Meanwhile, the kids continued to pass the pictures and videos around. People in my family heard teachers laughing about the substitute who fell asleep and would never work again. But he didn’t fall asleep. He was slumped over on a desk, unconscious for nearly two hours before anyone got help.
I taught for a year in this school. I saw how students who asked to have punishments taken away had them taken away. I saw how a student could get right in my face, scream and swear at me, threaten to hit me, and just have to sit in time-out in the office for the last 10 minutes of class. I know that this school’s leadership has turned a blind eye to discipline, and it very nearly could have killed someone. The students know it’s okay to behave like that.
They got “a talking to” and nothing of consequence happened to any of them. Blind eye strikes again.
These are, of course, extreme examples. But I’m of the opinion that they get to these extremes because we ignore them when they’re smaller. If someone implies something unfavorable about someone you love, you’re going to get mad and take it personally. You’re going to deny any wrong doing on your loved one’s part. That’s natural. But if someone is being honest with you and making a point, is giving you solid proof that things aren’t necessarily what you see, that you’re overlooking something really important, brushing that off is really a douche move.
In doing so, you’re undermining the person who has good intentions when they come to you with a concern. You invalidate them and their feelings. What’s more, denying someone’s capacity for being wrong gives them permission to just keep doing it. And whether you’re going to acknowledge it or not, it will keep happening. I’ve ignored this so many times, I can’t even tell you. I’m not proud of it. But I was wrong. I made it okay for people to be jerks by telling the concerned party that they just didn’t understand the person or the situation. I was the one who didn’t understand.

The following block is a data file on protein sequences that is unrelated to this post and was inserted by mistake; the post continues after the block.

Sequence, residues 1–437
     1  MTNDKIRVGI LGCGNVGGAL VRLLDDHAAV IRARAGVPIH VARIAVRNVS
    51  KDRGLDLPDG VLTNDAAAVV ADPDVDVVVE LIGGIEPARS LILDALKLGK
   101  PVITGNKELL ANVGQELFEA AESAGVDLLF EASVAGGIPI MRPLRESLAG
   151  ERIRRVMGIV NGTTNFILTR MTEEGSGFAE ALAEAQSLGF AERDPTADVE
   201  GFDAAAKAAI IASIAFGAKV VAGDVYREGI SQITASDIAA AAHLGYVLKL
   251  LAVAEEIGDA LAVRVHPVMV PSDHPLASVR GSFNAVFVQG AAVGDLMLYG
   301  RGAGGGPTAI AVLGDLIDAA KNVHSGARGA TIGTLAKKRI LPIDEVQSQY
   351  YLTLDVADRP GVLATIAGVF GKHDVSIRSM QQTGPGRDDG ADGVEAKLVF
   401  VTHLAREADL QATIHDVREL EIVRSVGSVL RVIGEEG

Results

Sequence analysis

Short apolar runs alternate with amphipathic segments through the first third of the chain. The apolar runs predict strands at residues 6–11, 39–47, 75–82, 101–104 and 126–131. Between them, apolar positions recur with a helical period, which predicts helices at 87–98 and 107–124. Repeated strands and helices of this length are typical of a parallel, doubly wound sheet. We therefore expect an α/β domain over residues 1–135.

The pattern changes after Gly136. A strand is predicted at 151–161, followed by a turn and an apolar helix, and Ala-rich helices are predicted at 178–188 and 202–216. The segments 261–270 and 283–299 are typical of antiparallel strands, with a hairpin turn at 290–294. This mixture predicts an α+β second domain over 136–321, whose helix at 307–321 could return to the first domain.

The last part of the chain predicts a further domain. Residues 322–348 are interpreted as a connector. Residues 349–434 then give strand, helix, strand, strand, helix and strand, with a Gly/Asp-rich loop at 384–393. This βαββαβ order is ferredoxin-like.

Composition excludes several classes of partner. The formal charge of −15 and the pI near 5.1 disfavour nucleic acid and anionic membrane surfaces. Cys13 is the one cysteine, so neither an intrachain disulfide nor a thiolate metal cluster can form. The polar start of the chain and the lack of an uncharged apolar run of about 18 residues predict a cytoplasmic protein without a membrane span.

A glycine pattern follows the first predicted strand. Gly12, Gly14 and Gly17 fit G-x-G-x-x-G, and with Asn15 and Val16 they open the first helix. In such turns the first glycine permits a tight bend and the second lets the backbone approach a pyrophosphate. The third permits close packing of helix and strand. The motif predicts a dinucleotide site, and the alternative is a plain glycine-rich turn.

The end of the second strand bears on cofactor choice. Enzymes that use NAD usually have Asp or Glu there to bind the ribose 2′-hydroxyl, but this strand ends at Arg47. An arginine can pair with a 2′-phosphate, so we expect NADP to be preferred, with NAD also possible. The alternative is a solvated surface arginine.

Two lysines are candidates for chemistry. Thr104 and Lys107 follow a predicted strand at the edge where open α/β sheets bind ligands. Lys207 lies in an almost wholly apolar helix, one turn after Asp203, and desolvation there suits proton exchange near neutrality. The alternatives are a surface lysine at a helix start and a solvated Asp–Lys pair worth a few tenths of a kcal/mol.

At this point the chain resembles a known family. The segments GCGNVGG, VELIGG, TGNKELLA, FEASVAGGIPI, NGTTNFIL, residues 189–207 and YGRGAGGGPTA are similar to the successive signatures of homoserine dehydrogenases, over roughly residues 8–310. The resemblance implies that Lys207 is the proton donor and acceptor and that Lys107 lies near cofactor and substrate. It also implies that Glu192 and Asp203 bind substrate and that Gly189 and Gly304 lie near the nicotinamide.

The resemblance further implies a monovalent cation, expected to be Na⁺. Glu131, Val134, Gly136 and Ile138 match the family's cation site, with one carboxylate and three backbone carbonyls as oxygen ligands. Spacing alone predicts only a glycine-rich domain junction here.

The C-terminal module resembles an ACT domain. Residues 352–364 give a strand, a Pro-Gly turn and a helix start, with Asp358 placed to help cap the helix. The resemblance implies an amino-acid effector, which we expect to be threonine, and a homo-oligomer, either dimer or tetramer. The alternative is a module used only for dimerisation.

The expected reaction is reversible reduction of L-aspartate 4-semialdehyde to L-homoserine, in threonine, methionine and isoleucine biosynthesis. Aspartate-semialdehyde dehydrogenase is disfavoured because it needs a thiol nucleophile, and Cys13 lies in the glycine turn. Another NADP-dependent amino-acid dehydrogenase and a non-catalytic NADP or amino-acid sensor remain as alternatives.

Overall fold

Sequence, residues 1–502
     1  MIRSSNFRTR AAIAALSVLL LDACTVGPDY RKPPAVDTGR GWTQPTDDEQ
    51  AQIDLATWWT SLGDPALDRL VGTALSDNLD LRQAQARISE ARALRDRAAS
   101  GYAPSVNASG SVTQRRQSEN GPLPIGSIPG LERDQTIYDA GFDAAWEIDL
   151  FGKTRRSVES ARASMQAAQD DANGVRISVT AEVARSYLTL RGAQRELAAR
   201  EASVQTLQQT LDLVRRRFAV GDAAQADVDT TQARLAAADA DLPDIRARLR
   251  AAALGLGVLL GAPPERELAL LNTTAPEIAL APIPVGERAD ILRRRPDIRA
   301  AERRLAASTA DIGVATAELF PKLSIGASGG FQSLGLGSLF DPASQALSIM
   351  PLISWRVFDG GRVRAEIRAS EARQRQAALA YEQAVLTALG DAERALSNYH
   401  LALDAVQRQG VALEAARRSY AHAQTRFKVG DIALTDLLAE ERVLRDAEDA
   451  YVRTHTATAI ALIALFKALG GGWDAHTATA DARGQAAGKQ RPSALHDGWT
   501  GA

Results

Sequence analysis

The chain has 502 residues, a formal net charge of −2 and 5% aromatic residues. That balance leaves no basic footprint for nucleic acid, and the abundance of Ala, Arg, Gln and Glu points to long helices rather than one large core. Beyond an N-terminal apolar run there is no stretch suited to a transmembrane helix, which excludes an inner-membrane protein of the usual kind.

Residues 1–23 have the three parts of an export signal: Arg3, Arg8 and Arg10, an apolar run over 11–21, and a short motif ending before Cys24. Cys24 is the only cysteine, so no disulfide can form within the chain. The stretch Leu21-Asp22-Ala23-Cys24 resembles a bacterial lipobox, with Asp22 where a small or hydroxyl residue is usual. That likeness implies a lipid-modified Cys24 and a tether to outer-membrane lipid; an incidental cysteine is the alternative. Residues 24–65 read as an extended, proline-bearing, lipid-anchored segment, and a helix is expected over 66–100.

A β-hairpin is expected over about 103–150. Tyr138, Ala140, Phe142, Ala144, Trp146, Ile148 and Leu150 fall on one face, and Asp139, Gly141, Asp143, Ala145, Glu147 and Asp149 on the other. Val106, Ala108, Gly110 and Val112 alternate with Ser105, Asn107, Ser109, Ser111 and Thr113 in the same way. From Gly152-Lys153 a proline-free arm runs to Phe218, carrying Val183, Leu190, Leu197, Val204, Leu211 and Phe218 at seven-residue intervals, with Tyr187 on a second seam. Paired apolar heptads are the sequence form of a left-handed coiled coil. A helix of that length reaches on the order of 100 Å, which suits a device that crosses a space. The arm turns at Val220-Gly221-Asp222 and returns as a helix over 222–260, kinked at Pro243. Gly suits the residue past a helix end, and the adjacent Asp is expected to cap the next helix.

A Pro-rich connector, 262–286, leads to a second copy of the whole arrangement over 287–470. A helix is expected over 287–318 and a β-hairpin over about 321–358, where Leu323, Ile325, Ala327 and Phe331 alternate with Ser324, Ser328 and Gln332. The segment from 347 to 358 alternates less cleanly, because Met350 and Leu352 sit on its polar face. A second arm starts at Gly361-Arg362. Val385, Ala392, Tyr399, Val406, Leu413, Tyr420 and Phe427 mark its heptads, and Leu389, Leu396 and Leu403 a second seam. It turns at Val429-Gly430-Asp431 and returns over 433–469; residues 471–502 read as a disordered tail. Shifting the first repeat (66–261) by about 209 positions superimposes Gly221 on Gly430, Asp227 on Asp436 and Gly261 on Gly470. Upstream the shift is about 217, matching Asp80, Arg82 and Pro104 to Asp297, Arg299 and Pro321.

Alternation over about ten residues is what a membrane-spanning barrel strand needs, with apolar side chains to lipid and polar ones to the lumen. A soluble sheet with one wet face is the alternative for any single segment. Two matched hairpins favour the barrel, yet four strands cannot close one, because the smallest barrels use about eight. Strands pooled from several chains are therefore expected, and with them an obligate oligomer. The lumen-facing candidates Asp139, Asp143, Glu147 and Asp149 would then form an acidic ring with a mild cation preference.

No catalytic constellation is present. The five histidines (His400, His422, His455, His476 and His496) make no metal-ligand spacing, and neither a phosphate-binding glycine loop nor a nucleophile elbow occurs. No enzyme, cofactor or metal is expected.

And what happened (nearly every time) was that the person I’d defended (to the friends I’d alienated in the process) ended up showing his or her true colors. Sometimes years later. Their moves got bigger and bolder until I couldn’t deny them anymore. I just had to admit that I was wrong. The signs were always there. I just chose not to see them.
It’s difficult to articulate this without sounding self-righteous, which isn’t my intent. As I’ve indicated, I’m just as guilty. But it’s been nagging at me, which generally means “write it.”
I guess what I’m getting at and exploring here is that people come out of these situations saying something like, “Why didn’t anyone tell me or warn me?” The signs were always there. They were pointed out in the most delicate but honest ways (but also, sometimes not). We just choose to see what we want to see and we turn a blind eye to everything else. Problems multiply.
Being overly critical is something else entirely, and I’m not suggesting that. It can be quite damaging. But no one is perfect. Even the people you love the most in this whole world have done things that are shameful. Something echoed by many of the younger bomber’s friends was how laid back and mild-tempered he seemed, which just goes to show that even the people you think are the least likely still have the capacity to hurt others, either directly or indirectly.
And if we truly care about people as much as we say we do, we need to see them for who they really are. I just can’t see that ignoring it or lashing out at someone else for bringing it up is doing us or them any favors.